Catholic Diocese of Spokane, Washington

From the

Official News Magazine of the Diocese of Spokane

Deacon Eric Meisfjord, Editor
P.O. Box 48, Spokane WA 99210
(509) 358-7340; FAX: (509) 358-7302

Everyday Grace: Increase the peace

by Mary Cronk Farrell

(From the Oct. 2, 2003 edition of the Inland Register)

Mary Cronk Farrell The latest argument broke out in the car on the way to Mass. We were the picture of a loving Christian family. Yes, that is sarcasm dripping from my computer keys.

Disagreement and tension between siblings is normal, but listening to it is tiring and nerve-wracking. Sometimes parents just want peace and quiet. And as Christian parents we want our home life to testify to the love of God.

The verses of 1 Corinthians set the bar for us, an ideal that can seem impossible with teenagers in the family. But it helps to have something concrete toward which to strive.

“Love is patient, love is kind. It does not boast, it is not proud. It is not rude, it is not self-seeking, it is not easily angered, it keeps no record of wrongs.”

There’s no perfect method to deal with sibling bickering. But we can re-dedicate our efforts to increasing the peace in our families. Here’s a four-point checklist to rejuvenate your arsenal of peacekeeping strategies.

• Create a loving climate.

Begin with an honest look at yourself. When I admonished my son for whining at the dinner table recently, he startled me by saying, “You know, Mom, you have a habit of whining yourself.”

It may be painful, but it pays to look closely at the behavior you are modeling for your children. If parents argue and bicker, children will too. If you happen to fight with your spouse in front of the kids, make sure they see you apologize and make amends as well.

Work on your own relationship skills and try to create a loving climate in your home. Speak with respect even when you are angry. Notice when your children are getting along well, and praise them. Talk about how much you love each other, and how much you appreciate each family member made in the image of God with unique gifts. Do not to compare siblings or take sides. Try to establish an atmosphere where everyone feels safe and accepted as they are.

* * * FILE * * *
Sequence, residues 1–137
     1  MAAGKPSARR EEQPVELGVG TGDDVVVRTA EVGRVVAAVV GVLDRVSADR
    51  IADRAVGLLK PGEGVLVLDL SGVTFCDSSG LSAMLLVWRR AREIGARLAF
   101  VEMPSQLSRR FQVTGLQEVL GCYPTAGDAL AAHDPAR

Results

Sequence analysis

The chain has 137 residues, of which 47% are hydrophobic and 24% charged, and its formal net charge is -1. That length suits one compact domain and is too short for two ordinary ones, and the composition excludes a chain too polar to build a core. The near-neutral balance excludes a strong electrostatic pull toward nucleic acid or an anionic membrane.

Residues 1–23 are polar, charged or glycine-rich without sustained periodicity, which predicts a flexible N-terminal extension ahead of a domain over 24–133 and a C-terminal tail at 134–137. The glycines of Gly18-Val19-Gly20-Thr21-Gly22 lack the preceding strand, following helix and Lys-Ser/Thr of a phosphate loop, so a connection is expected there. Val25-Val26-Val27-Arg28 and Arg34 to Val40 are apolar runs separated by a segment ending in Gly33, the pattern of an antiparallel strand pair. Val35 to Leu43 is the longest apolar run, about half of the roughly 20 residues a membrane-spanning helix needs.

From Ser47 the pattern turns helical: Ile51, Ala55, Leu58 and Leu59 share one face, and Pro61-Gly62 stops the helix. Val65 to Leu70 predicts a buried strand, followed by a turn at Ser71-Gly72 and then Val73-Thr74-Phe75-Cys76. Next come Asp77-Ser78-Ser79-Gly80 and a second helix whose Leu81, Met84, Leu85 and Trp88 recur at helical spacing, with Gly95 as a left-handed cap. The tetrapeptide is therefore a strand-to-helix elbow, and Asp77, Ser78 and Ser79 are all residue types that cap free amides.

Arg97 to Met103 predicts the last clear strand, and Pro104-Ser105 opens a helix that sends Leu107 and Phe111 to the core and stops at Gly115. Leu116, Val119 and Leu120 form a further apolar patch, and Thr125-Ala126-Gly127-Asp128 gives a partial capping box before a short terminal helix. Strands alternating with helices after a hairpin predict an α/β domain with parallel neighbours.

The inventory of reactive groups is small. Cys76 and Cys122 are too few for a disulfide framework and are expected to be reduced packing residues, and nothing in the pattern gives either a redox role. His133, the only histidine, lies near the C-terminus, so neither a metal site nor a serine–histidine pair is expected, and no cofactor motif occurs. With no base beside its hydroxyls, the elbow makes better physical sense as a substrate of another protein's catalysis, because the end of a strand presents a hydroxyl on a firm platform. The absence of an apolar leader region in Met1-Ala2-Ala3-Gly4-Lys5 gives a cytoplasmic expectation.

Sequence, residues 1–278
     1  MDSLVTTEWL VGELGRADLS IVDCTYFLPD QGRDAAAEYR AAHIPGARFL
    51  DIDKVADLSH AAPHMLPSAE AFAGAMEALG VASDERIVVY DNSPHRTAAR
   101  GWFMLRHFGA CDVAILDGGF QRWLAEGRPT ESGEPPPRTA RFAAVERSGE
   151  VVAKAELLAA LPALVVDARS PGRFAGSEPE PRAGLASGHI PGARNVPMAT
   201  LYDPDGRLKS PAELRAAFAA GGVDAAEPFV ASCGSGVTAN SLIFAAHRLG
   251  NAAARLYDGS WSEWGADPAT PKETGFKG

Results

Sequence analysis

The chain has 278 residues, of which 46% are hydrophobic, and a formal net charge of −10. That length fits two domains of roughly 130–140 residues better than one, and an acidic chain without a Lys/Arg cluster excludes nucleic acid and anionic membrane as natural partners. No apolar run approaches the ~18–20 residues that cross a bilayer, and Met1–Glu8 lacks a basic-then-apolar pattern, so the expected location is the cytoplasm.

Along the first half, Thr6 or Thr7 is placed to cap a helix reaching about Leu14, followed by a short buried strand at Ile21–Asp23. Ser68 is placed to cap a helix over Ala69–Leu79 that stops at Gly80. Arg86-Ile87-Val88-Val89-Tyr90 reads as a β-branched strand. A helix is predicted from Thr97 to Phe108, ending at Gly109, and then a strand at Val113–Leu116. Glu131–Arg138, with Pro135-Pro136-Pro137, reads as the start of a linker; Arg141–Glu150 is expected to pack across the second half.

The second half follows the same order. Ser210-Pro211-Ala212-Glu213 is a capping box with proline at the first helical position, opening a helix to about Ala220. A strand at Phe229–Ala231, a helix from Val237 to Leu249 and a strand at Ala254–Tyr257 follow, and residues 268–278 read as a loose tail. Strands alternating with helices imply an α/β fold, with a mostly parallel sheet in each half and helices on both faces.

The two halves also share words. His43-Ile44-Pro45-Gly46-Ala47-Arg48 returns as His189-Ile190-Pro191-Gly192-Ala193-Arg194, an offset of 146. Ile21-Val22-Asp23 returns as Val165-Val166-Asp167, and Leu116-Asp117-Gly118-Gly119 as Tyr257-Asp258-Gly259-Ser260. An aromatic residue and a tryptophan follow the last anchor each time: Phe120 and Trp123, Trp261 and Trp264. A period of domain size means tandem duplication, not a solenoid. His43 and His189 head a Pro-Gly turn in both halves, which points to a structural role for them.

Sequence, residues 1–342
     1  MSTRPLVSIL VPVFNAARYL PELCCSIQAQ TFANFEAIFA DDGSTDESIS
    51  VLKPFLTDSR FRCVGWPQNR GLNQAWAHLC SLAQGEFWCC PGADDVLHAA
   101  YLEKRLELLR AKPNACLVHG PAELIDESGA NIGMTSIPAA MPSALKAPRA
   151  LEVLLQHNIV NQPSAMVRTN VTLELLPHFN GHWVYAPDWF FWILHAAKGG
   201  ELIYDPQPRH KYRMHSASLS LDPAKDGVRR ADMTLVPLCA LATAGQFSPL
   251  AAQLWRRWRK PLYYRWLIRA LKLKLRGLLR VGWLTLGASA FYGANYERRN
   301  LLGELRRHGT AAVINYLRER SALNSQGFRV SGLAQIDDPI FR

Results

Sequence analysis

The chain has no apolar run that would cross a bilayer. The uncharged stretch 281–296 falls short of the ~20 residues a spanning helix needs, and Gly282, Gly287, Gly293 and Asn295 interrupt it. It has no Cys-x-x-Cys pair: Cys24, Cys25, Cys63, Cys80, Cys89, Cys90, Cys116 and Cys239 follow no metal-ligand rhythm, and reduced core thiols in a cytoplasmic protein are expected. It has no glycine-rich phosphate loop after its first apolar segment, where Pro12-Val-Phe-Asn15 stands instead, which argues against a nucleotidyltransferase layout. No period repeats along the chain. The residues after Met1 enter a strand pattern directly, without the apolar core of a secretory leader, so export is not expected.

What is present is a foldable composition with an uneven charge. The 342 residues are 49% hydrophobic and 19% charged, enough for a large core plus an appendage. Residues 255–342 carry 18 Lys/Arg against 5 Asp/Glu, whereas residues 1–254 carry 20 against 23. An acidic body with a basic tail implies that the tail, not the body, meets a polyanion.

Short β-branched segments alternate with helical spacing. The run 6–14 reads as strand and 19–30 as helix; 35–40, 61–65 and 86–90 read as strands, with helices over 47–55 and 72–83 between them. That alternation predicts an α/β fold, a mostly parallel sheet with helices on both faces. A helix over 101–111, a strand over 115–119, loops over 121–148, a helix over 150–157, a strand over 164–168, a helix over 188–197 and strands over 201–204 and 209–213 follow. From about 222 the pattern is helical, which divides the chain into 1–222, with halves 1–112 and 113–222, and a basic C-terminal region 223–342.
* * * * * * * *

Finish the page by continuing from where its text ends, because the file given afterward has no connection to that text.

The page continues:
• Provide tools.

Children need to learn to resolve problems on their own. But they won’t be successful if they don’t have the proper tools. You can step in and help clarify what is at issue during a disagreement.

Explain how to fight fair. Rules include: No hitting or other physical fighting. No name-calling. No shouting. If children can’t follow these, you may need to separate them for a cooling-off period.

Once the children are calm, ask them to use “I” statements to share their view or explain what they want. Insist they listen to each other’s concerns. Urge them to try to see the other’s point of view.

• Keep a sense of humor.

Laughter releases tension and humor can dissolve divisions momentarily and give people a chance to gain perspective. Sometimes that’s all kids need to move beyond a quarrel. Trying to see a lighter side can also help irritated parents keep some distance from the fray.

Laurie once announced to her three fussing children, “There will be no whine with dinner tonight.” The pun provoked smiles, and the line became a family tradition that helped lighten many mealtime moods.

Some parents report that if they begin to sing their kids stop fighting and start laughing. Others say comic routines, a tickle attack or even dancing works.

Do not make fun of your children, however; and be careful with teasing which may hurt kids’ feelings.

• Have patience.

Easy to say, but difficult to do. A line from John Rosemond’s newspaper column has been a great help to me when I begin to lose patience. To paraphrase, “if children did everything right, they wouldn’t need parents.”

Our God-given work as parents is to be there day in and day out while our children fail to be perfect. We correct them, encourage them, teach them and love them. And sometimes when they bicker, our best strategy is to ignore them.

Good luck! You’re not alone out there.

© 2003, Mary Cronk Farrell

(Mary Farrell is a Spokane free-lance and children’s writer. She is a contributing author to the new book Daughters of the Desert: Stories of Remarkable Women from Christian, Jewish and Muslim Traditions, from Skylight Paths Publishing.)

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